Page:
In other situations, it may make more sense to select another form of payment. The following considerations may help you decide when using a credit card to pay your monthly bills may not be the best choice.
When you don’t pay off your credit card bill in full each month, interest charges can add up fast. Furthermore, carrying a large balance can impact your CUR, eventually affecting your credit. While you may have a bill that’s so large you can only afford to put it on a credit card, make sure that you can at least make the minimum monthly payment. Failing to do so can result in late fees, impact your payment history and potentially impact your credit score.
Remember to calculate convenience fees and surcharges when deciding if it makes sense to use a credit card. Any rewards or cash back you may earn can quickly disappear. If you get 1% cash back on a $1,000 rental payment made by credit card, for example, you receive a $10 reward. If your landlord charges a $15 convenience fee, however, you actually end up losing $5 if you pay with a card. In this case, you may spend smarter by choosing another form of payment.
If you already have high credit card debt, paying bills with a credit card might not be the best decision. You may want to avoid taking on additional debt until you get a better handle on your personal finances by making a budget, negotiating with lenders, talking to a credit counselor and/or working down your debt before adding another bill.
Look at your monthly spending and bills, determine which budgeting categories you’re spending too much in, separate necessary from unnecessary expenses and see if you can make cuts to reduce your debt load. Taking stock of your bottom line can help you weigh the pros and cons of using a credit card to pay your bills.,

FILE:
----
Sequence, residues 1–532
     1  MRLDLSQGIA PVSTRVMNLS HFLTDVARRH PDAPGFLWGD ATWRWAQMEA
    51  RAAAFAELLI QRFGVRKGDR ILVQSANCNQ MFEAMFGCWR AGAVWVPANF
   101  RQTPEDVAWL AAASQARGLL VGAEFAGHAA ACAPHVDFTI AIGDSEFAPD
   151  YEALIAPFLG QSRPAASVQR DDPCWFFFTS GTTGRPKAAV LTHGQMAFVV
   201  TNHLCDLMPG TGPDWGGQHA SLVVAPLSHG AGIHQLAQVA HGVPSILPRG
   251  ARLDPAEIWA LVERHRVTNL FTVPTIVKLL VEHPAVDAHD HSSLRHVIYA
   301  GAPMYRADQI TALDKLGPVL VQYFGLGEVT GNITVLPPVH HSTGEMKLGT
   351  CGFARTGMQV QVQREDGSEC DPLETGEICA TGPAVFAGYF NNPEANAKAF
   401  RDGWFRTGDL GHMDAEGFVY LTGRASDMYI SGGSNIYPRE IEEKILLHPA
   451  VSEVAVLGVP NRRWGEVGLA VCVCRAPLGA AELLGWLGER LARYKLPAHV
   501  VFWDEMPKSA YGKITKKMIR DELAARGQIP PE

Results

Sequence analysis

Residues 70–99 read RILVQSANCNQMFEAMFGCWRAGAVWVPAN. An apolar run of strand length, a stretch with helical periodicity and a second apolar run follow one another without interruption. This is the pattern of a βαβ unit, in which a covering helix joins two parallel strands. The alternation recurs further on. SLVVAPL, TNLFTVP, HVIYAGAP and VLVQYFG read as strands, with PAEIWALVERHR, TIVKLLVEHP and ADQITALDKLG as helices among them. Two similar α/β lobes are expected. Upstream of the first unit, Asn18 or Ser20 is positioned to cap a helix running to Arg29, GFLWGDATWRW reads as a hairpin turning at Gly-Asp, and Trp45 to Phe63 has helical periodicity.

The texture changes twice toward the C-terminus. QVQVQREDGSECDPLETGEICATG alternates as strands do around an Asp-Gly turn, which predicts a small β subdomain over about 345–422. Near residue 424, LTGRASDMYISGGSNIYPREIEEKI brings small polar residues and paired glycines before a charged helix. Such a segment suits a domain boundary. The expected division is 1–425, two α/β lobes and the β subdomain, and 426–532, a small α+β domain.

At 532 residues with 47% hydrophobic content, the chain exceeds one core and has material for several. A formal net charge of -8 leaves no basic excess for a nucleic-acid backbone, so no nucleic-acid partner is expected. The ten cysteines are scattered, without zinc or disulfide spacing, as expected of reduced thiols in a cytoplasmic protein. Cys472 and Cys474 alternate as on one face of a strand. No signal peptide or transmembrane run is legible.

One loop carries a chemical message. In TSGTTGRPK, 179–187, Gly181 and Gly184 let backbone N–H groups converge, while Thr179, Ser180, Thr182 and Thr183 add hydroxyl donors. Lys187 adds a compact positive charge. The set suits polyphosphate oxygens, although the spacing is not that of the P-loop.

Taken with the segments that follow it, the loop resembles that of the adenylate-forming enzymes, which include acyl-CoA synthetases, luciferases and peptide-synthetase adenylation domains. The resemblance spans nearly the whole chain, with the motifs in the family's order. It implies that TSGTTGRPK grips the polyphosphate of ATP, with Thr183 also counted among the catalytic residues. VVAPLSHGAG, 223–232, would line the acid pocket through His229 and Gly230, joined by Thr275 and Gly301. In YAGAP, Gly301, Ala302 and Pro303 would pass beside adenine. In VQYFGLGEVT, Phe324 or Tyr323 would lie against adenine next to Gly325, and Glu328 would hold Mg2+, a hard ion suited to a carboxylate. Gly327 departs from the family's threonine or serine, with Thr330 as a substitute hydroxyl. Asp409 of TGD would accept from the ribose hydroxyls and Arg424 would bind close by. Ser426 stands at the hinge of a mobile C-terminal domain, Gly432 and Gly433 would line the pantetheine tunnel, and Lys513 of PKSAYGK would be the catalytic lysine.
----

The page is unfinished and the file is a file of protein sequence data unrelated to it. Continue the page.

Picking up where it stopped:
Creating a budget can help you avoid taking on additional debt or simply get yourself into a better financial situation. If you have already accumulated a fair amount of debt, the following suggestions may help get your finances back on track.
Although you can pay several types of bills with a credit card, that doesn’t always mean you should. Any smart financial decision involves weighing the pros and cons of each option. If you need help getting on the right path, Self’s products may help you save money, build credit and establish positive financial habits.
Ana Gonzalez-Ribeiro, MBA, AFC® is an Accredited Financial Counselor® and a Bilingual Personal Finance Writer and Educator dedicated to helping populations that need financial literacy and counseling. Her informative articles have been published in various news outlets and websites including Huffington Post, Fidelity, Fox Business News, MSN and Yahoo Finance. She also founded the personal financial and motivational site www.AcetheJourney.com and translated into Spanish the book, Financial Advice for Blue Collar America by Kathryn B. Hauer, CFP. Ana teaches Spanish or English personal finance courses on behalf of the W!SE (Working In Support of Education) program has taught workshops for nonprofits in NYC.
Our goal at Self is to provide readers with current and unbiased information on credit, financial health, and related topics. This content is based on research and other related articles from trusted sources. All content at Self is written by experienced contributors in the finance industry and reviewed by an accredited person(s).